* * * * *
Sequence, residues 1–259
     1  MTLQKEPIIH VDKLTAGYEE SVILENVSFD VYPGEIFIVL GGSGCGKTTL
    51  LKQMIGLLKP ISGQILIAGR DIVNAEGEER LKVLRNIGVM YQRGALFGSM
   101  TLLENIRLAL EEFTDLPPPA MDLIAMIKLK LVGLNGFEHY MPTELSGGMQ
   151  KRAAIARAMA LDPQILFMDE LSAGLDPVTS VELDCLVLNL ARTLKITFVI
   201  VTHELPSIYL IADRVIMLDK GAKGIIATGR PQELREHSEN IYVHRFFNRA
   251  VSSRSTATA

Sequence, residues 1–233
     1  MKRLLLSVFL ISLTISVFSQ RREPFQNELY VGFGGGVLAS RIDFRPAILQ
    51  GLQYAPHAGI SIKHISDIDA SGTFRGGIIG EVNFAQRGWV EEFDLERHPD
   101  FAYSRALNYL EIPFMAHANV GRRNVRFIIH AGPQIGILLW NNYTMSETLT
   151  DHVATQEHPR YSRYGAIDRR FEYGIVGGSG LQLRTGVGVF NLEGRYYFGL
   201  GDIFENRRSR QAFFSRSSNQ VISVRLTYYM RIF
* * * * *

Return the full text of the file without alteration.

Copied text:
Sequence, residues 1–259
     1  MTLQKEPIIH VDKLTAGYEE SVILENVSFD VYPGEIFIVL GGSGCGKTTL
    51  LKQMIGLLKP ISGQILIAGR DIVNAEGEER LKVLRNIGVM YQRGALFGSM
   101  TLLENIRLAL EEFTDLPPPA MDLIAMIKLK LVGLNGFEHY MPTELSGGMQ
   151  KRAAIARAMA LDPQILFMDE LSAGLDPVTS VELDCLVLNL ARTLKITFVI
   201  VTHELPSIYL IADRVIMLDK GAKGIIATGR PQELREHSEN IYVHRFFNRA
   251  VSSRSTATA

Sequence, residues 1–233
     1  MKRLLLSVFL ISLTISVFSQ RREPFQNELY VGFGGGVLAS RIDFRPAILQ
    51  GLQYAPHAGI SIKHISDIDA SGTFRGGIIG EVNFAQRGWV EEFDLERHPD
   101  FAYSRALNYL EIPFMAHANV GRRNVRFIIH AGPQIGILLW NNYTMSETLT
   151  DHVATQEHPR YSRYGAIDRR FEYGIVGGSG LQLRTGVGVF NLEGRYYFGL
   201  GDIFENRRSR QAFFSRSSNQ VISVRLTYYM RIF